Changing Our Behaviors to Save

    3 minute read
    Using a tried-and-true model to create sustainable change in our financial habits.
    Saving money is often only portrayed as spending less than you make. While that's an important first step, living that lesson and turning your hard-earned money into savings takes a little more effort. Traditional financial education often ignores our mindset and the emotions responsible for driving our behaviors, both of which are factors in attaining our goals. Understanding what motivates us, how we make decisions and how we can develop awareness will help us kick unwanted financial habits and practice more money-saving behaviors.

    One of the best-known approaches to behavior change is the Stages of Change model. Using this model, we can work to change our current financial habits to more mindful saving, spending, planning and borrowing behaviors.

    Stages of Change:

    1. Precontemplation – Unaware behavior keeps you from reaching your financial goals. It's important to reflect on our financial situation and recognize the impact of our spending habits on our overall financial health. Look for where you may be overspending or making impulsive purchases without considering the long-term consequences. Are you running out of money quicker than expected?

    2. Contemplation - Assessing the benefits of change. In the contemplation stage, consider the potential benefits of making some changes to your current financial habits. Visualize the positive impact it could have on your financial goals and overall quality of life. Ask yourself questions like, "How would reducing financial stress improve my well-being?" or "What financial goals could I achieve by making different spending choices?”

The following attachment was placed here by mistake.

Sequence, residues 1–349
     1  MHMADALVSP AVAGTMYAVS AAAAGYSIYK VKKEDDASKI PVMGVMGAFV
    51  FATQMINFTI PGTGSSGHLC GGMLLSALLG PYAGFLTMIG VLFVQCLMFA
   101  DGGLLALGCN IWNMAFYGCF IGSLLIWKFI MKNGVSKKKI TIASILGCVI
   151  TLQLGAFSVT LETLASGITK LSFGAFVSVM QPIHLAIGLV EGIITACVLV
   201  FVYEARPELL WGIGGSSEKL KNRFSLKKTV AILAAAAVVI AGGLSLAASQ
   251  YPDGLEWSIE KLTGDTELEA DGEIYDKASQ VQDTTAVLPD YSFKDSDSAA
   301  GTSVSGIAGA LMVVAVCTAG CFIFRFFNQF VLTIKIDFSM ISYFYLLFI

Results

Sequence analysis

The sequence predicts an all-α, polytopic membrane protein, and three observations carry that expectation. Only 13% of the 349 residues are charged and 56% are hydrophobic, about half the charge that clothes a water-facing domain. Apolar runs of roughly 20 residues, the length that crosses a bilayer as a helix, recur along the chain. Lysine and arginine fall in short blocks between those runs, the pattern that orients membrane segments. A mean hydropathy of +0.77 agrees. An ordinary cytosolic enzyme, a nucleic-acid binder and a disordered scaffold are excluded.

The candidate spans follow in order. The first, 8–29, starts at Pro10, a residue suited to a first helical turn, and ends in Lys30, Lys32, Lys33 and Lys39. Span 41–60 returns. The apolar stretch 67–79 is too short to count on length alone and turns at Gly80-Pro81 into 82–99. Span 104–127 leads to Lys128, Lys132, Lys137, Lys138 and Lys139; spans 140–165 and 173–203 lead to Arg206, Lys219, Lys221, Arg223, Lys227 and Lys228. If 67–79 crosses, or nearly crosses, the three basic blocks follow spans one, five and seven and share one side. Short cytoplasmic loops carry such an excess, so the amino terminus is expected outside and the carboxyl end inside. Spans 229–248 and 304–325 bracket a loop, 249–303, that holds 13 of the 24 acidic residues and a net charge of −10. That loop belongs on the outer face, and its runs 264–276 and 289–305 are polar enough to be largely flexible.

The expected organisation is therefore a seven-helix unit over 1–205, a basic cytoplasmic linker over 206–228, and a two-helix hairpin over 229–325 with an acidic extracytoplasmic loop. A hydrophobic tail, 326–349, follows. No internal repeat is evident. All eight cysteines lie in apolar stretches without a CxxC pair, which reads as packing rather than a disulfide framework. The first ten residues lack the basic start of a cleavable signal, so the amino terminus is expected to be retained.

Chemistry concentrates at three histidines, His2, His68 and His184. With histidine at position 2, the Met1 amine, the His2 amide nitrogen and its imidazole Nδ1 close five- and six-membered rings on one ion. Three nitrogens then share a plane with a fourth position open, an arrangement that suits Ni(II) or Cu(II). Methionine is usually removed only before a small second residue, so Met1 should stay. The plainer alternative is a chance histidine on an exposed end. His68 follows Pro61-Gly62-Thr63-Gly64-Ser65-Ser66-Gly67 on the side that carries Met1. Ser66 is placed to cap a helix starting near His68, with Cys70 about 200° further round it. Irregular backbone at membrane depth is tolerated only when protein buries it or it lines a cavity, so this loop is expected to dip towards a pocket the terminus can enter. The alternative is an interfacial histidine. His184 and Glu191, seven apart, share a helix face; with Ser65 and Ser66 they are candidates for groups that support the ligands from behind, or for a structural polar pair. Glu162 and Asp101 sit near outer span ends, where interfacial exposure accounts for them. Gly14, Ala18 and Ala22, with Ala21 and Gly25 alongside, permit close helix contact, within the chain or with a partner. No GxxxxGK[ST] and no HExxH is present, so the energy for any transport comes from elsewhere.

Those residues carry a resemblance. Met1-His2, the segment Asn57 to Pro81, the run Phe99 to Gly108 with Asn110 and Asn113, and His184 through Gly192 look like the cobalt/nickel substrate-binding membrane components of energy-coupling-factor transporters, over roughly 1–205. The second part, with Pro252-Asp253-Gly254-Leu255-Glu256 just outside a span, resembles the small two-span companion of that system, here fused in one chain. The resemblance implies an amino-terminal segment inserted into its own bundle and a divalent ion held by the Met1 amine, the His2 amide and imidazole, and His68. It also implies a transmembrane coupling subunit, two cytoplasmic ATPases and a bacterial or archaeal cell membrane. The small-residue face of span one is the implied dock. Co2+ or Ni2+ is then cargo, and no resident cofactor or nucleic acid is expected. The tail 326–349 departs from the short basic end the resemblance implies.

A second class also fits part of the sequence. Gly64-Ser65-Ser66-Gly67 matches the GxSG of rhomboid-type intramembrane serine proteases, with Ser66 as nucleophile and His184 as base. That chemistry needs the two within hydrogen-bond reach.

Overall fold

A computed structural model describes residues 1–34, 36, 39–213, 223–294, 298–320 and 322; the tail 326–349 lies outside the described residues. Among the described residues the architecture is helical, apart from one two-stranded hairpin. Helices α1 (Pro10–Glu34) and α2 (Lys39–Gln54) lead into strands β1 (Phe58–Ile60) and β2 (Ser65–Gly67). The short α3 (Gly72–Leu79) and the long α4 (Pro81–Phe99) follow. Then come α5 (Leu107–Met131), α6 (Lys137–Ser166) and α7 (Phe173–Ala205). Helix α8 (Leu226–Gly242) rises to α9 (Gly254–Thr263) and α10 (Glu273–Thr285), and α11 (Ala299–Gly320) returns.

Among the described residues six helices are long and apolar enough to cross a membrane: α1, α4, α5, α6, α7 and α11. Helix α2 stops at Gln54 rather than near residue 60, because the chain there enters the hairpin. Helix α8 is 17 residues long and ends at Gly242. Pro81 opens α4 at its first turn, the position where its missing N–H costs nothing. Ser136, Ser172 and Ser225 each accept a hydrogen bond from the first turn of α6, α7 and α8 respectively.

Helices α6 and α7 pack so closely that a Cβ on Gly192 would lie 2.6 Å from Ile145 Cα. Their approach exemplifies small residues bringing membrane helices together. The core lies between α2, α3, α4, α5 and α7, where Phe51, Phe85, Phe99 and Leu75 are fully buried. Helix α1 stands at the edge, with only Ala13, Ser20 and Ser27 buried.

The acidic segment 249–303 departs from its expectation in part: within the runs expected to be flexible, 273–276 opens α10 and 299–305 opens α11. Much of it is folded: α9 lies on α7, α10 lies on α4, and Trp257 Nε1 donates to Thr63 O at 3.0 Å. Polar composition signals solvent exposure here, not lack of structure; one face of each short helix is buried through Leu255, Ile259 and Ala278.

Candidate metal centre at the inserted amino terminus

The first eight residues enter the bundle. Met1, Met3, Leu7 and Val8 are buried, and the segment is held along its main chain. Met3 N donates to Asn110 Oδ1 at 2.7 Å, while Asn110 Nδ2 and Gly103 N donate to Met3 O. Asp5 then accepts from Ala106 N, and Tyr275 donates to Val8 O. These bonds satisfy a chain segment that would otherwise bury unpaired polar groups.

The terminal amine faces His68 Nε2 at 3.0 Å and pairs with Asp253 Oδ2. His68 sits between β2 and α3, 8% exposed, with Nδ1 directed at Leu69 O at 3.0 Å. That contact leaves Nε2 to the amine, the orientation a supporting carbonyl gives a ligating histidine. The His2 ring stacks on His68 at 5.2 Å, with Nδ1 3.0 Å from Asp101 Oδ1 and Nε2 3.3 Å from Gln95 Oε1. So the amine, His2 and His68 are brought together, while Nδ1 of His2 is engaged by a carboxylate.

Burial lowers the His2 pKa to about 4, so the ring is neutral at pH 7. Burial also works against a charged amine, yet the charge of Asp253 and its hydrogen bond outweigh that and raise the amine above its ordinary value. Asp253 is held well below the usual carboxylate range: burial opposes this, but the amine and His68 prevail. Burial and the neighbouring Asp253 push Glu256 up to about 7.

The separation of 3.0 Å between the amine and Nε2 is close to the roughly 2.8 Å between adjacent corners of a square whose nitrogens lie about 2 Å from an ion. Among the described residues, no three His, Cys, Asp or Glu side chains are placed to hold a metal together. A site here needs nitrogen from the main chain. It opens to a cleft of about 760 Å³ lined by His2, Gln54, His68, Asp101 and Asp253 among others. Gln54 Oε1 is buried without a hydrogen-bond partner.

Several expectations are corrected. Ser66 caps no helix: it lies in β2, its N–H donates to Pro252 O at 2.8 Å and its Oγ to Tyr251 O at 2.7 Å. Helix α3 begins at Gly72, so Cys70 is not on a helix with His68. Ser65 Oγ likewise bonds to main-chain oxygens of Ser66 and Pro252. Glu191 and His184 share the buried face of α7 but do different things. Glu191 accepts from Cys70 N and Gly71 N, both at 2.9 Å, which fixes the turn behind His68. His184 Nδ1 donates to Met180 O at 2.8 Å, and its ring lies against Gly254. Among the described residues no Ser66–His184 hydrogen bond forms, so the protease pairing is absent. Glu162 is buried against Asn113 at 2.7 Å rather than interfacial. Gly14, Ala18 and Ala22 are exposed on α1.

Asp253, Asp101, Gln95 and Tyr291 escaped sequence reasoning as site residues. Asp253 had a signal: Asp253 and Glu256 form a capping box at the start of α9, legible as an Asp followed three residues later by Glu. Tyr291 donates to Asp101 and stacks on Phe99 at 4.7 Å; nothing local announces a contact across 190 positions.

3. Preparation – Planning and taking small steps. Once you've decided to make a change, it's time to create a plan to reach your goals. What does financial slack mean to you? Having a cushion for emergencies, saving for a specific purchase, reducing debt or investing for the long term? Outline actionable steps such as creating a spending plan, tracking expenses or seeking personalized financial guidance from a Member Relationship Specialist at a Financial Health Center.

    4. Action - Implementing plan. The action stage is where you put your plan into motion. Start making conscious decisions about how you’re spending money. Prioritize essential expenses and identify areas where you can cut back. Consider setting up automatic transfers to your savings account and tracking your spending. Seek support from trusted friends and family.

    5. Maintenance - Sustaining new behavior. Maintaining new money habits can be challenging, but consistency is key. The maintenance stage requires ongoing effort. Review your progress regularly, adjust as needed and celebrate small victories along the way.

    6. Relapse – Falls back into old behaviors. Life is always evolving so setbacks can happen to anyone. It’s important to recognize that setbacks may happen but staying focused on your long-term goals will help you from getting discouraged. The Stages of Change model operates like a cycle. Relapse or exiting the cycle can happen at any point. Identify the triggers that set you back, recognize your barriers to success and reaffirm your goals and commitment to change.

    Changing unwanted financial habits is a difficult journey that requires commitment and persistence. By understanding the stages of behavioral change and implementing effective strategies, you can build financial slack and reduce financial stress. We’re here to support you every step of the way.

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